Part 2 - The Survivors
Opening Excerpt

The nature of SDC was such that it could have resulted in the extinction of the human race. The extremely infectious nature of the SDC virus combined with the short time period to fatality had catastrophic results.
The speed and high rate of infection after any type of contact ensured SDC would spread widely and rapidly. It was unfortunate that Jim Henderson’s trip to the trade show in New York ensured the rapid spread of the contagion, both within the United States and internationally. Any type of isolation or quarantine plan was doomed to fail right from the start.

Any attempts at diagnosis and research into potential cures or preventive measures were aborted by the fast spread of the contagion. This resulted in the rapid breakdown in civilization in all locations that became infected. When the nature and results of SDC became widely known, the natural impulse to flee just accelerated the rate of spreading. This ensured that even isolated communities were invaded by fleeing infected people and quickly became infected themselves with almost one hundred percent fatality.

The extinction of the human race would have been complete within less than three months except for a very fortunate accident of nature. On a random basis, one person in every hundred thousand or so had been born with a natural genetic immunity. These people were as susceptible to SDC as anyone else. However, the infection did not generate the deadly enzyme in sufficient quantity to affect their normal body mechanisms during their sleep.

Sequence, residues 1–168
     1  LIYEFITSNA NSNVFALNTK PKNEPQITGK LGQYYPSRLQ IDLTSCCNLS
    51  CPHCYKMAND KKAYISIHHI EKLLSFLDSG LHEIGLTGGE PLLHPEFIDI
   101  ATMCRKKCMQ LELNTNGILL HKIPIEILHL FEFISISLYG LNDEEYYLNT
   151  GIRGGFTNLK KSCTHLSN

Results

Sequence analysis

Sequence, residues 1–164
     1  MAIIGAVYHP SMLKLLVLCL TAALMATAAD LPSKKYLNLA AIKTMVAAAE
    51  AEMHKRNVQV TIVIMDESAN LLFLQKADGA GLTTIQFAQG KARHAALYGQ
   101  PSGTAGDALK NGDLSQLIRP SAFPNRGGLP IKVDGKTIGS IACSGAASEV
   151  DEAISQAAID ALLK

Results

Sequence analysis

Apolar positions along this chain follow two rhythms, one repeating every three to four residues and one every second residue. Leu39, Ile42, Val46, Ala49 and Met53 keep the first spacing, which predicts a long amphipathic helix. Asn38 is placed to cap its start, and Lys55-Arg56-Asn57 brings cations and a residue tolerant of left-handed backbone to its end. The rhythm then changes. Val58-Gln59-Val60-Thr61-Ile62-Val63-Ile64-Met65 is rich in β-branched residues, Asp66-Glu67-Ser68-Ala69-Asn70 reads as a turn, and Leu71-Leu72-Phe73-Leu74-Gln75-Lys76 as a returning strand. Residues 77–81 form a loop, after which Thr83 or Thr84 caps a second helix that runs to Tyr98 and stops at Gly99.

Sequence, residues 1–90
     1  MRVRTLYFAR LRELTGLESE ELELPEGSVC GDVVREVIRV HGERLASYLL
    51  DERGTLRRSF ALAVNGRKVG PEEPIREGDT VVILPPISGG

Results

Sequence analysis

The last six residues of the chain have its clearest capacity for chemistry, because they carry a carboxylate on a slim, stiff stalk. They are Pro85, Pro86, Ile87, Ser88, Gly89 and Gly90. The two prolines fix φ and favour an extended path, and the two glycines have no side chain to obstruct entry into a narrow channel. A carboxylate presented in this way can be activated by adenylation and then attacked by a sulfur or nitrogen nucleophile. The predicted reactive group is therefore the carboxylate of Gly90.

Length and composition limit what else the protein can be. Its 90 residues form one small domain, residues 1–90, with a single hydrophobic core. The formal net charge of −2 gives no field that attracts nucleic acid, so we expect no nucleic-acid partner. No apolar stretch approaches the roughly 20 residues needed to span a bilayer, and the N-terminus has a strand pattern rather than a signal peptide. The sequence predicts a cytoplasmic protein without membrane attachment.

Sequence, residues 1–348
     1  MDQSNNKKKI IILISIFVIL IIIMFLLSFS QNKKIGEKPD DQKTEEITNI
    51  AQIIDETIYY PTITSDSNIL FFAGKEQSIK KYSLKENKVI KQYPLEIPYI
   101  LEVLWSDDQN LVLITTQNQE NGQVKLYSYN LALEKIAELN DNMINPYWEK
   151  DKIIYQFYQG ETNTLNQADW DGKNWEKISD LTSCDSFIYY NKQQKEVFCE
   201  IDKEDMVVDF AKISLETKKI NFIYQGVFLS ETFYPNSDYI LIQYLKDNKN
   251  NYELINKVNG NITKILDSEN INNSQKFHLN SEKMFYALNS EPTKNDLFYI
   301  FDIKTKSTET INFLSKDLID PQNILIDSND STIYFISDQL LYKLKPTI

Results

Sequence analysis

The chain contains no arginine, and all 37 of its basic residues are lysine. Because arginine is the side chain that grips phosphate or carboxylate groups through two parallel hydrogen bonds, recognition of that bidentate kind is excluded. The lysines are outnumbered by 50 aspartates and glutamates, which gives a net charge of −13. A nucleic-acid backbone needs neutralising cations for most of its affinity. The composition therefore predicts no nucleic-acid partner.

They caught SDC like everyone else. However, the only symptoms they experienced were the runny nose and slight headache. In most cases, they lived to see all their family, friends and all the people in the communities where they lived die in their sleep in a period of less than a week.

For many of the survivors, this experience was just too much to bear. When they realized what had happened and that they were now very much alone, they had no desire to continue living and they committed suicide by whatever means were available to them. Many just stopped eating and drinking and died from dehydration or starvation.

The random nature of the genetic immunity ensured that the survivors were spread across the world in approximate proportion to their original population. This was irrespective of race, gender and age and was in a ratio of about one survivor per hundred thousand. Earth’s population was reduced from more than seven billion to about seventy thousand by the end of July. In the vocabulary of twentieth-century environmentalists, Homo sapiens had suddenly become a critically endangered species.

The total population of North America was now about three thousand. Most of these people were in the big cities. In spite of the panic-stricken urge to flee that occurred in most centers of population, the infection and dying was too quick to allow many people to act on their impulse to flee.

The cities quickly became very unhealthy and unpleasant places to be because of the large number of unburied bodies quickly decaying in the summer heat. Because most people had died in their sleep and in their own beds, most of the bodies in the cities were confined to their homes. Shops, factories and offices were largely free of bodies. It was in the living spaces—the apartments, townhouses and suburbs—that the smell of decay quickly became intolerable.

The SDC survivors in the large cities either left them for the surrounding countryside or moved into the offices and shopping centers. The nearby smaller towns and villages became the most common places of choice for most survivors. They were close to an adequate quantity of food and other supplies. It was easy enough to make a new home without requiring too much effort to dispose of the dead.

The same pattern occurred outside North America, with about seven thousand survivors in all of Europe and about sixty thousand around the rest of the world.